Poster history was made on November 16, 2019 when Heritage Auctions sold an original FD-26 Grateful Dead poster for $118,750. The poster, a pristine example that is graded 9.8 by CGC, has set an auction record for a poster from the psychedelic era. This result easily eclipsed the old auction record and also exceeded the true record price of a piece we placed privately this year.
While the price may come as a surprise to some, it confirms what I (Mike Storeim) have maintained for many years: that a superb example of the FD-26 would become the first six-figure psychedelic concert poster. And so, it has come to pass. At Classic Posters, we feel that this record price—along with results from our auctions in 2019—amply demonstrate the incredible strength of the psychedelic concert poster market.
What does all this mean to the collector or prospective investor of this genre?
First, an original, pristine FD-26 just got more expensive, but I feel that these are far from overpriced, even at $120,000. I will even go out on a limb and say that I also think that the FD-26 will be the first $250,000 psychedelic concert poster. Keep in mind that because these were saved and treasured, original FD-26 posters are not a rarity. But, because most were loved to death, a high-grade example—such as a CGC-graded 9.6 or better—is downright rare. And it has everything going for it: it’s simply the most iconic psychedelic poster out there. I expect that the total quantity graded by CGC in 9.6 or better tops out around 20 posters total (it is currently less than 10 pieces). In 9.8, less than half that number. For the world. Period.
Second, you can expect to see a couple more cherry FD-26 originals pop up in the next year. It’s a natural occurrence when a record is set. In fact, Classic Posters has a 9.8-graded example as part of its reference set that it will make available to collectors. If you have an interest, feel free to call and discuss it with me.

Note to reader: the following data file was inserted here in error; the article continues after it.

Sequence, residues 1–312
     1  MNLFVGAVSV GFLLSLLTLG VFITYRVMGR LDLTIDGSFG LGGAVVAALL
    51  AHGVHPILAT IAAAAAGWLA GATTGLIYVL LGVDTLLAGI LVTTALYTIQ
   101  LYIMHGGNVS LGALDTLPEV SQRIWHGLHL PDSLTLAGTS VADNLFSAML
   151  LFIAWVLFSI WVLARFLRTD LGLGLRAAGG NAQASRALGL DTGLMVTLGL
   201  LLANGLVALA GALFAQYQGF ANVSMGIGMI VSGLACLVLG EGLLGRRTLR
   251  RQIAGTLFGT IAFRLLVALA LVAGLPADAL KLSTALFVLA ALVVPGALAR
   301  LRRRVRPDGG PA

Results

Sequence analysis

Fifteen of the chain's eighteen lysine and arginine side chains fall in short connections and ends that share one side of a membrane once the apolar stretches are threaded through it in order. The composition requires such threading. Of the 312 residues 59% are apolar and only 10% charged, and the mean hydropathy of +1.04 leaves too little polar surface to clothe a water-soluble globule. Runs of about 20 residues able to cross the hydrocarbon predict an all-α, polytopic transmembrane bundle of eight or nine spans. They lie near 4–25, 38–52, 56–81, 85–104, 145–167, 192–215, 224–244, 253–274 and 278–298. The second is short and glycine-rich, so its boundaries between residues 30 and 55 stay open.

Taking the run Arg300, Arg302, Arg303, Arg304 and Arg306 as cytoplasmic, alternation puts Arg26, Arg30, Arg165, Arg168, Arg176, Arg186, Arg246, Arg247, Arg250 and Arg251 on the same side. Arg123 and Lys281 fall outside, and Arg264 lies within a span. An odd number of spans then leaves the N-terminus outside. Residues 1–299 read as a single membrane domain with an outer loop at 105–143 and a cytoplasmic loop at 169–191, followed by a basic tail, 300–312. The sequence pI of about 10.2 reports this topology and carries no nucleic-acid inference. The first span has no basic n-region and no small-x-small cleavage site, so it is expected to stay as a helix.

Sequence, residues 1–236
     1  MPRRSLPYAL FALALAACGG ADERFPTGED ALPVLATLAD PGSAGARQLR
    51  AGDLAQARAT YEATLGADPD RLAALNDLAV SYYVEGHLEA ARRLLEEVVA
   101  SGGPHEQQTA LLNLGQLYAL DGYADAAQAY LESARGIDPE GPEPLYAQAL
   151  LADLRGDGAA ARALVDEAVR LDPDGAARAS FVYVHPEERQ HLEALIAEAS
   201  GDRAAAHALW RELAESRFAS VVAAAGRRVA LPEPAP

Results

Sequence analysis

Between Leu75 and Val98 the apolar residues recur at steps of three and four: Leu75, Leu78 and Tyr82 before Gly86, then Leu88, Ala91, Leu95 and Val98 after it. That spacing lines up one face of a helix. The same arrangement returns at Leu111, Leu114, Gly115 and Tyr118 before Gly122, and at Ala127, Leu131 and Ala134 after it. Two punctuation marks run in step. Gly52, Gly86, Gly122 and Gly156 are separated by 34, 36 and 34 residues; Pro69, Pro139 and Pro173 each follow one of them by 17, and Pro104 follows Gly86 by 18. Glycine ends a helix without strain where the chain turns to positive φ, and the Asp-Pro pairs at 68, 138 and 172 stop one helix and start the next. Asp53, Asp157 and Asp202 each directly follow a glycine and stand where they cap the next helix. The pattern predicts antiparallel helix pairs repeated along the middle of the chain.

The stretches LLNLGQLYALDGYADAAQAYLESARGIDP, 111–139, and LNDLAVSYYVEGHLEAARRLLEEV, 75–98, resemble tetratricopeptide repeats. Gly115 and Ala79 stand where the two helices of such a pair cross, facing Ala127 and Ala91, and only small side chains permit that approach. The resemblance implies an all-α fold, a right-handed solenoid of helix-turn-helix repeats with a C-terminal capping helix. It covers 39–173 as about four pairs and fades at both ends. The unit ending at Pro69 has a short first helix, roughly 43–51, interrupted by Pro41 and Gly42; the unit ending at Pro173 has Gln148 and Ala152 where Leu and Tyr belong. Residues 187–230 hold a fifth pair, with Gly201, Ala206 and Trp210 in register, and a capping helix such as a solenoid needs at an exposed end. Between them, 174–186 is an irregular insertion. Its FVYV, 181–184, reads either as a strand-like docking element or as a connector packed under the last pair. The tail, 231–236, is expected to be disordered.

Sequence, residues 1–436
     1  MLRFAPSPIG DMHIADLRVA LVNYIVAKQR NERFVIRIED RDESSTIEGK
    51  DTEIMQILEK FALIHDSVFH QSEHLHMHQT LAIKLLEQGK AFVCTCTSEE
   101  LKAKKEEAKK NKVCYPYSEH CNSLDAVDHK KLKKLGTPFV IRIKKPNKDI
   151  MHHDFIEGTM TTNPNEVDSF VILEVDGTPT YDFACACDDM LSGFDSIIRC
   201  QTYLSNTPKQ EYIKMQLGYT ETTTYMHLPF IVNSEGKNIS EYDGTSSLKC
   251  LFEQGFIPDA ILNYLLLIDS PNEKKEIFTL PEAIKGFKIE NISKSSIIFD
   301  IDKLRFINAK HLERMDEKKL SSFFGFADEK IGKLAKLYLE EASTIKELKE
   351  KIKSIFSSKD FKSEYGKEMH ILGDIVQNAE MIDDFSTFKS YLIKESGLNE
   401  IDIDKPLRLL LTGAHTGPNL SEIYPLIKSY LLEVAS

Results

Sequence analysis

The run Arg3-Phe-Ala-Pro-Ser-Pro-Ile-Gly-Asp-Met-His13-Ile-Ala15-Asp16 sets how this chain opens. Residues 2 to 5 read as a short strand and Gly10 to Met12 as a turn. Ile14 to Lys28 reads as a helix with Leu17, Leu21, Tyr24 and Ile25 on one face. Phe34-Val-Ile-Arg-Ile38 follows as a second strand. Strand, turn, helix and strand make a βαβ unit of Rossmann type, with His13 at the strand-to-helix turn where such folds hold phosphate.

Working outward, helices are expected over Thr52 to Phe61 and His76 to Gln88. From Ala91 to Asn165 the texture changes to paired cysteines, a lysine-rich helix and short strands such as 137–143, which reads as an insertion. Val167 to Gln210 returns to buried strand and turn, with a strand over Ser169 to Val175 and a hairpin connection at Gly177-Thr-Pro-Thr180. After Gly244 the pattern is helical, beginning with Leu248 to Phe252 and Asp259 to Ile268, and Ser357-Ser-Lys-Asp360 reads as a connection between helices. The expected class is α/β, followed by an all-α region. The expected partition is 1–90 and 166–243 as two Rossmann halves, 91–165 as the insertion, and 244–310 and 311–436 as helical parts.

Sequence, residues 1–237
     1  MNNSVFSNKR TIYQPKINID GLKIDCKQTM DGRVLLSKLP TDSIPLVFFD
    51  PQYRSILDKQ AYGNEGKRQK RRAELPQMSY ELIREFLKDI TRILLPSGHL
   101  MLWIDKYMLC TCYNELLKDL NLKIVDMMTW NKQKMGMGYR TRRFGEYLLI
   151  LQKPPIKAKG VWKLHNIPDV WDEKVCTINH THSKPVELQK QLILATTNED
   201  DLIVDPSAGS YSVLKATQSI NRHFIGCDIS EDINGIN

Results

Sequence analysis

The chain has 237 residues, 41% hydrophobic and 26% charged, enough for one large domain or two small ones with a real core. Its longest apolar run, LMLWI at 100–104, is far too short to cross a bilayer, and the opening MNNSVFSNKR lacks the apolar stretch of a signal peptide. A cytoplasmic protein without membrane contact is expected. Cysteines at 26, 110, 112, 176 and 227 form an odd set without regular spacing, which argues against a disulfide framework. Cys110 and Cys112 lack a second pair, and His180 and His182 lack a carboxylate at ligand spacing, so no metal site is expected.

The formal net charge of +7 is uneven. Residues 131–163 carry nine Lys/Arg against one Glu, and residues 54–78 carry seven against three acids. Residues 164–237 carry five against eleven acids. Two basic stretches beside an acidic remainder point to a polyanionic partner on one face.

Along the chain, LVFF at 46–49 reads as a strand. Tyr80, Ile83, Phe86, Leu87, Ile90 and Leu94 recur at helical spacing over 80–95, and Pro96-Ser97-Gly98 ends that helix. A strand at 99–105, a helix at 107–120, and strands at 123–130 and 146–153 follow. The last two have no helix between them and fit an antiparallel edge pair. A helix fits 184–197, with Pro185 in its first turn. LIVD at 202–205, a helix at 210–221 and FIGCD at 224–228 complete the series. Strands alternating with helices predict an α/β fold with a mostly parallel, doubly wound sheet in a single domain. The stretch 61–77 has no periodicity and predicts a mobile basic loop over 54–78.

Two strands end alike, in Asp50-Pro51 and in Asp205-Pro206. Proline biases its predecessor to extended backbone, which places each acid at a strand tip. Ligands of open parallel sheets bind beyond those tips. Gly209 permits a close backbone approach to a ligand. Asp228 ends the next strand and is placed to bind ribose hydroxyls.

Third, you will also see more lower-grade and restored examples come to market, in an effort to capitalize on the coattails of this new record. All of this means that a prospective buyer will have more opportunities in the near future to acquire one.
If you look at the price levels of virtually every other collectable, an FD-26 at $118,750 seems ridiculously cheap. A 1962 Ferrari GTO at $48.4 million, a 1933 $20 gold piece at $7.59 million, a #1 Action comic book at $3.2 million, a Honus Wagner baseball card at $3.12 million, and a stamp from British Guiana for $9.5 million are but a few examples of what heights the collectables markets can reach. For those who will loudly exclaim that these posters are not commodities or collectables, but rather are art, let’s not forget that Da Vinci painting at $450 million.
While I try my best to refrain from the hype, I truly think that the future of this hobby has never looked brighter. Sure, some posters like an original, 9.8 FD-26 have become so valuable that they are out of the reach of most, but more affordable examples abound. I predict that the prices of truly scarce or rare concert posters will continue to climb to levels most cannot imagine today. Conversely, the common BG and FD posters that Wolfgang’s Vault has dumped on the market by the hundred—the ones you now see in every auction—will lag far behind.